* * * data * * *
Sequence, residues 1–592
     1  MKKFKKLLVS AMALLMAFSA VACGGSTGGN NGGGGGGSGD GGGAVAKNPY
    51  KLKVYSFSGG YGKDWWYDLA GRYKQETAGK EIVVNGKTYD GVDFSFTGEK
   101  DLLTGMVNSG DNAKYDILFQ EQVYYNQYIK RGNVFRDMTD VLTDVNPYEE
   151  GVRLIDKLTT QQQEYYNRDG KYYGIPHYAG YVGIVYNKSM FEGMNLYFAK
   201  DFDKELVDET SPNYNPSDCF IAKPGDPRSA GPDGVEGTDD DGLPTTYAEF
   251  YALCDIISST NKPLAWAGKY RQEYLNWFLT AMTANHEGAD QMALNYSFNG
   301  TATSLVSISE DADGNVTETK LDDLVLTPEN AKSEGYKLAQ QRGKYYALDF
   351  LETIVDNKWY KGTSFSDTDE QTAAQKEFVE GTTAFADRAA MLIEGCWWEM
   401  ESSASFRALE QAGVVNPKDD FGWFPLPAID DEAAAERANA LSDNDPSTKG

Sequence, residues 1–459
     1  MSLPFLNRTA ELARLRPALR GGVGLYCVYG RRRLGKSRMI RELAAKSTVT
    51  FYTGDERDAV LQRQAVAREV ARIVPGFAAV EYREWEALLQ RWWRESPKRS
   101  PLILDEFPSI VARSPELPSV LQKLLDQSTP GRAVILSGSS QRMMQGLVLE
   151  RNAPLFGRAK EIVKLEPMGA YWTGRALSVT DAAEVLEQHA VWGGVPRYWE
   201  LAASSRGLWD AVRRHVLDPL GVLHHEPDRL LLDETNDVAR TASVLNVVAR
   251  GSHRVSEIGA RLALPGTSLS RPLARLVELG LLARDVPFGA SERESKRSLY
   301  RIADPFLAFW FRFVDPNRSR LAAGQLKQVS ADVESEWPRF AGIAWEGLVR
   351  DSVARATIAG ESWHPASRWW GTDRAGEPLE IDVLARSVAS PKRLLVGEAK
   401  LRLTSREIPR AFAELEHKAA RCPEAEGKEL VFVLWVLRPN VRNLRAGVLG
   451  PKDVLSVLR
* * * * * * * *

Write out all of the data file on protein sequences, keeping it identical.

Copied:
Sequence, residues 1–592
     1  MKKFKKLLVS AMALLMAFSA VACGGSTGGN NGGGGGGSGD GGGAVAKNPY
    51  KLKVYSFSGG YGKDWWYDLA GRYKQETAGK EIVVNGKTYD GVDFSFTGEK
   101  DLLTGMVNSG DNAKYDILFQ EQVYYNQYIK RGNVFRDMTD VLTDVNPYEE
   151  GVRLIDKLTT QQQEYYNRDG KYYGIPHYAG YVGIVYNKSM FEGMNLYFAK
   201  DFDKELVDET SPNYNPSDCF IAKPGDPRSA GPDGVEGTDD DGLPTTYAEF
   251  YALCDIISST NKPLAWAGKY RQEYLNWFLT AMTANHEGAD QMALNYSFNG
   301  TATSLVSISE DADGNVTETK LDDLVLTPEN AKSEGYKLAQ QRGKYYALDF
   351  LETIVDNKWY KGTSFSDTDE QTAAQKEFVE GTTAFADRAA MLIEGCWWEM
   401  ESSASFRALE QAGVVNPKDD FGWFPLPAID DEAAAERANA LSDNDPSTKG

Sequence, residues 1–459
     1  MSLPFLNRTA ELARLRPALR GGVGLYCVYG RRRLGKSRMI RELAAKSTVT
    51  FYTGDERDAV LQRQAVAREV ARIVPGFAAV EYREWEALLQ RWWRESPKRS
   101  PLILDEFPSI VARSPELPSV LQKLLDQSTP GRAVILSGSS QRMMQGLVLE
   151  RNAPLFGRAK EIVKLEPMGA YWTGRALSVT DAAEVLEQHA VWGGVPRYWE
   201  LAASSRGLWD AVRRHVLDPL GVLHHEPDRL LLDETNDVAR TASVLNVVAR
   251  GSHRVSEIGA RLALPGTSLS RPLARLVELG LLARDVPFGA SERESKRSLY
   301  RIADPFLAFW FRFVDPNRSR LAAGQLKQVS ADVESEWPRF AGIAWEGLVR
   351  DSVARATIAG ESWHPASRWW GTDRAGEPLE IDVLARSVAS PKRLLVGEAK
   401  LRLTSREIPR AFAELEHKAA RCPEAEGKEL VFVLWVLRPN VRNLRAGVLG
   451  PKDVLSVLR